As always, the Portsmouth Institute conference on the campus of the Portsmouth Abbey school (in the Rhode Island town whose name readers can readily guess) will undoubtedly prove to have been among the highlights of my year. Apart from the cultural experience, blending as it does with the beauty of the campus, to spend a few days in reflective consideration of deeply intellectual and spiritual ideas is to translate what is usually a solitary experience into a communal discussion.
The school’s history and political science teacher, Clifford Hobbins, captured the importance of the theme right at the outset, when he quoted Edmund Burke: “All that is necessary for the triumph of evil is that good men do nothing.”
Hobbins offered the quotation in the process of introducing Robert George, of Princeton University, who wasn’t able to attend for reason of a serious injury. Instead, Mr. George appeared via pre-recorded Internet video.
George’s talk took up the theme by addressing the question of how we know what is evil and what makes “good men,” as well as the increasingly topical issue of the appropriate role of religion in such determinations.
For starters, he rejected the notion that government laws can be taken as the gauge. George referred to the writings of Martin Luther King, arguing that there are just and unjust laws, and a citizen is only responsible for those that are just, and we are, indeed, obligated to disobey those that are not. In King’s view, we can tell which are which by their harmony with moral law.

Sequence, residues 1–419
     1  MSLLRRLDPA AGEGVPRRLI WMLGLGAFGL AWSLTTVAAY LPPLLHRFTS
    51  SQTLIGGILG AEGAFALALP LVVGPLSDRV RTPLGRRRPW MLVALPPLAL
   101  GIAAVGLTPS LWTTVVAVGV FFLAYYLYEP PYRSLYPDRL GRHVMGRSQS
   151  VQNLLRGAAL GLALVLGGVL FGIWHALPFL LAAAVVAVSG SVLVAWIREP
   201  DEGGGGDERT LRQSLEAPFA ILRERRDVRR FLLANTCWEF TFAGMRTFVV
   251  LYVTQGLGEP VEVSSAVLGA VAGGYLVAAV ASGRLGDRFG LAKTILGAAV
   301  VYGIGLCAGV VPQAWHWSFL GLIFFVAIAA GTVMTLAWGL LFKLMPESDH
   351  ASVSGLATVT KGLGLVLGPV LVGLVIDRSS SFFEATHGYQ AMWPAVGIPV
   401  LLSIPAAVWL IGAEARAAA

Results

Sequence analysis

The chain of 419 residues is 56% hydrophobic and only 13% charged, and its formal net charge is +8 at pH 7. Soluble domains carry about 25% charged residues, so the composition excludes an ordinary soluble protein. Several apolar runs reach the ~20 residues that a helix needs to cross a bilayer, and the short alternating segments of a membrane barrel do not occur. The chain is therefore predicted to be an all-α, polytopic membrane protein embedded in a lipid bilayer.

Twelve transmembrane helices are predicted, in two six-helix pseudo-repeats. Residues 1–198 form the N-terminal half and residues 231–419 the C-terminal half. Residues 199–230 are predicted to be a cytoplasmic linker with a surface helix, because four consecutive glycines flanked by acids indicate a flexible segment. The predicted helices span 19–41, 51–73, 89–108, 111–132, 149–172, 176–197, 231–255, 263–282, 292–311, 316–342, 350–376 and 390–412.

As George rephrased the conclusion: “Good is prior to right and, indeed, to rights.” Rights “depend on a sound understanding of human flourishing.” That is, our rights are defined by those activities that are necessary for our becoming better, more full, fully flourished people.
Toward that end, religion “provides an organizing principle” to order all of the activities in our lives toward the good. We have a right to the free exercise of religion because full flourishing requires our having asked the big, existential questions that give meaning to everything else that we do throughout life. We are, in that sense, “homo religiosis,” as he puts it.
George stressed that it does not follow that everybody must take religious pursuits as their vocations. In a fully considered life, there is no line between activities that are religious and activities that are not. Life is made richer by the quest for meaning, and even the mundane undertakings of our days can be enhanced with consideration of the why. (Here, I’d note, we see the problem with the narrow exemptions that governments deign to grant to religious organizations, as with same-sex marriage.)
The obvious problem with the characterization of rights in this way is that human beings repeatedly prove themselves all too willing to proclaim that they have the answers to the question, “Why?,” and to seek to impose their conclusions through the law in accord with their own conception of “the good.” (That their prescriptions often benefit themselves in some way is no surprise.)
The restraint that George proposes against such abuses is that “it’s of the nature of faith that it can’t be imposed.” Or, as he subsequently put it, “a coerced faith is a faith in the quotation marks” around the things that we are made to say.